Hector stepped forward; his baldhead was shiny in the sunlight. “We’ll be spending the day with you, so if you have any questions, please don’t be afraid to ask!”
From behind Syndil, someone snorted. “I already know I’m joining the Dragoons.”
Ellenwye and Syndil looked over their shoulders and up at a young boy a few years older than the pair. His eyes were a deep brown, and his hair jet black. “Solo?” Ellenwye frowned.
“Sir Dyrden was the one that rescued me,” Solo replied, grinning at the girls, his front teeth missing. His right eye was black and blue. “Since he brought me here, I’ve wanted to join the Dragoons. I’ve only one question for him, and that’s how soon can I sign up!”
With that Solo squeezed past Syndil and Ellenwye running towards the Soldiers.
Ellenwye and Syndil looked at each other, as the other children swarmed the Paladin, Dragoon and Cleric. “We should choose the same thing.” Ellenwye whispered.
“What if I didn’t want to be like them?” Syndil asked.
“Do you?” Ellenwye asked.
“I don’t know.” Syndil replied, blushing softly. “But I always enjoyed helping the cook bake bread, maybe I could do that for a living?”
“Right,” Ellenwye mumbled. “I always liked help teaching the younger kids to read. So maybe we don’t have to worry about this?”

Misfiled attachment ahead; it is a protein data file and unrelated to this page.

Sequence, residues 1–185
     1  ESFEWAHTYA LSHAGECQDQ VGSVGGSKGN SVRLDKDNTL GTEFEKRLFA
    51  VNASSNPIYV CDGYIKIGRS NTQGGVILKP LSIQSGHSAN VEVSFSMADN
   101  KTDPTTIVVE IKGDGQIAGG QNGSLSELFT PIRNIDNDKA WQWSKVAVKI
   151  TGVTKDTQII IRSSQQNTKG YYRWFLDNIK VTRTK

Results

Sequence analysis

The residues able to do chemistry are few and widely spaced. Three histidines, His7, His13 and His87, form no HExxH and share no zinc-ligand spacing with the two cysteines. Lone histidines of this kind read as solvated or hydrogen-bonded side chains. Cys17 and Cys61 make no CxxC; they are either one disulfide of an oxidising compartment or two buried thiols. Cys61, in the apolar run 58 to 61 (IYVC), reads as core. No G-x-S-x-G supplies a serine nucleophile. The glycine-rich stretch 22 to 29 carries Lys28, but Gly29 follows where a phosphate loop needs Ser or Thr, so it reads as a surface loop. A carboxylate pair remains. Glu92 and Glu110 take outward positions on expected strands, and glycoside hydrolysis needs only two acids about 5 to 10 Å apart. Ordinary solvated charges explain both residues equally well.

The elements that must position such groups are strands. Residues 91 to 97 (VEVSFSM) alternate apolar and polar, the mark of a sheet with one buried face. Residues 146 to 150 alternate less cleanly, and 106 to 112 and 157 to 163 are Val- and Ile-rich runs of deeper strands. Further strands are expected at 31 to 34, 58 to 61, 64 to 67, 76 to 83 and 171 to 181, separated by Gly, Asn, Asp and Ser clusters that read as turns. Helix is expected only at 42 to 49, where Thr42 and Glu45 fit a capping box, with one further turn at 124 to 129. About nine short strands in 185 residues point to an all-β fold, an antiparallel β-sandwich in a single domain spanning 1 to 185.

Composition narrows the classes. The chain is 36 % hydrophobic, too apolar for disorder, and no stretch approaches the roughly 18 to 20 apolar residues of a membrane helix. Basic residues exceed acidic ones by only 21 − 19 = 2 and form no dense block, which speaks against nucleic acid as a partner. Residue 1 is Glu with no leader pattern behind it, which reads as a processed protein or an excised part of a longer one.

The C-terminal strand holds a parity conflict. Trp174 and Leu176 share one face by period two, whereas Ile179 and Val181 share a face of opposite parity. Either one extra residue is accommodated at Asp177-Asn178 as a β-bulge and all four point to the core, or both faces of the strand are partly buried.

Syndil was quiet a moment, as the men lead the children around to the orchard and sat down, their deep voices drifting over to them. “But if we do choose to become like them, we’ll choose the same thing. We need to stay together. We’re more family than we are with the others.”
“If we like it, maybe we can follow Solo?” Ellenwye suggested. “He’d protect us.”
Syndil smiled and nodded. Taking her friends hand, Syndil ran towards the men, wanting to listen to what they had to say. They were still young yet, only ten, they had a whole life ahead of them; they didn’t need to choose right away! When the pair found a seat and sat down, Alperen’s voice rose over the crowd.
“Okay little ones, the reason why we’re here, is that we’re at war,” he explained. “There is a kingdom to the east. Many of you were saved from those people. We need young ones like you, to join us in the fight against them. You would like that, wouldn’t you? To take up arms in thanks for The Great Lord taking you in and saving your souls?”